“The question of ethical problems is a major challenge to the churches, both within churches and between churches.” said Prof. Dr Myriam Wijlens, who teaches Canon Law at the Faculty of Catholic Theology of the University of Erfurt (Germany), and moderated the discussion.
Prof. Dr Rachel Muers, a theologian with the University of Leeds (UK) and a member of the Friends World Committee for Consultations (Quakers), noted that this is a study document, which means people looking to find the “right answers” may be disappointed—but the text instead helps guide people in their thinking together about moral discernment processes.
A central notion in the document is the “conscience of the church.” H.E. Metropolitan Vasilios of Constantia and Ammochostos (Orthodox Church of Cyprus) explained that when communities are faced with new challenges they draw on the conscience of the church to find an answer. “Of course the conscience of the church is a very specific but inclusive definition,” he said.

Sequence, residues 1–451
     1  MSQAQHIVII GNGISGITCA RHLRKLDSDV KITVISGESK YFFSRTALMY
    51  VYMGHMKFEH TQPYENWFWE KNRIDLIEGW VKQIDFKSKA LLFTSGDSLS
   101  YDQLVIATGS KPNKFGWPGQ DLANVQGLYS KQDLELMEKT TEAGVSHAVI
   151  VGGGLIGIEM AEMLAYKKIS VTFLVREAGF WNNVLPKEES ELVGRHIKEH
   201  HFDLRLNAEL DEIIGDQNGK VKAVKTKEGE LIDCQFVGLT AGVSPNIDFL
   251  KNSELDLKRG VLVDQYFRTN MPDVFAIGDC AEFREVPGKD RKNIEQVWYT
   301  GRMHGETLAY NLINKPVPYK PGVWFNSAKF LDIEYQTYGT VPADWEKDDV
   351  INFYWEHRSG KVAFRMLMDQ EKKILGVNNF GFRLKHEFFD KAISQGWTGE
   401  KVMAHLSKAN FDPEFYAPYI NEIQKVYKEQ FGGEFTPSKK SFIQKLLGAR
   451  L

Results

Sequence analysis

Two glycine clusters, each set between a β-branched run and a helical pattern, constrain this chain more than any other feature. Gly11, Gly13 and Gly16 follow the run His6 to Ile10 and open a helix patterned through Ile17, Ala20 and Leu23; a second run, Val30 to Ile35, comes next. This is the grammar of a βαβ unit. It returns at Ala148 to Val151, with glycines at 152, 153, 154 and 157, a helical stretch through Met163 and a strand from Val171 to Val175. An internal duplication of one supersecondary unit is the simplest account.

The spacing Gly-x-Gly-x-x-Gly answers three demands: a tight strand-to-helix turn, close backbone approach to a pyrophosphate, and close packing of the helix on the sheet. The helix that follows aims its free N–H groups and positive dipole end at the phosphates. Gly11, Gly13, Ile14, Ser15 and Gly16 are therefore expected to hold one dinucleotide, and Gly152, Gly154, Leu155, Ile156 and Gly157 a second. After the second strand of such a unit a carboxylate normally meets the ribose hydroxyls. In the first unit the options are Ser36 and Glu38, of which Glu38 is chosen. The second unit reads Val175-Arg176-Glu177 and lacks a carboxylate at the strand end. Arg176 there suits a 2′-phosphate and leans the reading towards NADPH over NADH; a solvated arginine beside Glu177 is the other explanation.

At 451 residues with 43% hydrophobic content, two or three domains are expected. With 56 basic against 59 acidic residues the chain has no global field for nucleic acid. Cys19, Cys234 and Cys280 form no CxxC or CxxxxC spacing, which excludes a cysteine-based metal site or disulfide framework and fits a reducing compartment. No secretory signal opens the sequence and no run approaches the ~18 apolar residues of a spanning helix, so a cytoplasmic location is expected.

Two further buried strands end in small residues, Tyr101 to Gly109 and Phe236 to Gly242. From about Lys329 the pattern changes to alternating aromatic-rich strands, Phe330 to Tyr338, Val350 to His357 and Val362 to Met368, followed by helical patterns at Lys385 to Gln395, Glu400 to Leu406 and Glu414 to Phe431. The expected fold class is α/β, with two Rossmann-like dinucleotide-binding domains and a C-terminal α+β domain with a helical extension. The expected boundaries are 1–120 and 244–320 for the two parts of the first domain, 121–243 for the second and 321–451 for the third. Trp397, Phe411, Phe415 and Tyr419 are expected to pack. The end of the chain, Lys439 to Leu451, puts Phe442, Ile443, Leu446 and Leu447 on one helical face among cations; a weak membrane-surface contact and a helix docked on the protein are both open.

Dr David Kirchhoffer, professor of Moral Theology at the Australian Catholic University and director of the Queensland Bioethics Centre (Roman Catholic) said: “We hope that understanding why churches disagree with one another and how they have resolved those disagreements over time will support church dialogue regarding moral disagreement and help resolve conflicts.”
In his response, Rev. Dr Glenroy Lalor, a Baptist theologian who teaches Systematic Theology at the United Theological College of the West Indies in Jamaica, called the document courageous, “because it takes on a very difficult issue and offers us a way of understanding a difficult subject: the way moral decisions are made within and by churches.”
Archbishop Linda Nicholls, the Primate of the Anglican Church of Canada, said that the document helps churches move beyond the more emotional reasons behind moral decisions and “be able to look at oneself and one’s tradition, and the elements that might have brought people to different conclusions.” She underlined the great potential of the document, as “it will provide a way forward.”